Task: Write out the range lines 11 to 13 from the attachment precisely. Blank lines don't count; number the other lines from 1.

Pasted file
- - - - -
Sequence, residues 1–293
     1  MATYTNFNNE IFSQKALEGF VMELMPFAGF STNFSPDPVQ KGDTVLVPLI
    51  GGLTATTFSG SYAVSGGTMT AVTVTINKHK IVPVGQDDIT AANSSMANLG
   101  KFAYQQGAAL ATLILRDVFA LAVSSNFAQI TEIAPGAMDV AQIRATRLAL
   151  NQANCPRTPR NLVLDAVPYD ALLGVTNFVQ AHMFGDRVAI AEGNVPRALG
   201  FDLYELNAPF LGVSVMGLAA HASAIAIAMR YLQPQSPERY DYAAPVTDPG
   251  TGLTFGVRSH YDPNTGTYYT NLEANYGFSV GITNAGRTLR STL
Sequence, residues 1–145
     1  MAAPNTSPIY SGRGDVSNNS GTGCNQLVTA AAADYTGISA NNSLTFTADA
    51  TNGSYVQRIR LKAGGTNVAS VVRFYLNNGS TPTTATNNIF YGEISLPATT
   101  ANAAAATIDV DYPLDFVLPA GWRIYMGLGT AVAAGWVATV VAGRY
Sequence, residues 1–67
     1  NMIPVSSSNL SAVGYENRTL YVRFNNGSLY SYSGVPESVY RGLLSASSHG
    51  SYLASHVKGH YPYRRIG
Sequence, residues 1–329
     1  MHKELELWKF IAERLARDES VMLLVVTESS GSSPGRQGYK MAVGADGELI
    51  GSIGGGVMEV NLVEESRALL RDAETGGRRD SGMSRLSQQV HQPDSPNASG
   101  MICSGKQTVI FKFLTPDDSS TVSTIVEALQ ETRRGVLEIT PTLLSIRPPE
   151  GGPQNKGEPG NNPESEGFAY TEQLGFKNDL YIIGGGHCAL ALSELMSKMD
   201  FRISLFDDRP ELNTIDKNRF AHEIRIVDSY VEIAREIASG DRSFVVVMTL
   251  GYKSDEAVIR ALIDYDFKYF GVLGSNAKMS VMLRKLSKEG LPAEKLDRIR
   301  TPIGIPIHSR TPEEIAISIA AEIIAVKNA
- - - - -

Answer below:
   101  ANAAAATIDV DYPLDFVLPA GWRIYMGLGT AVAAGWVATV VAGRY
Sequence, residues 1–67
     1  NMIPVSSSNL SAVGYENRTL YVRFNNGSLY SYSGVPESVY RGLLSASSHG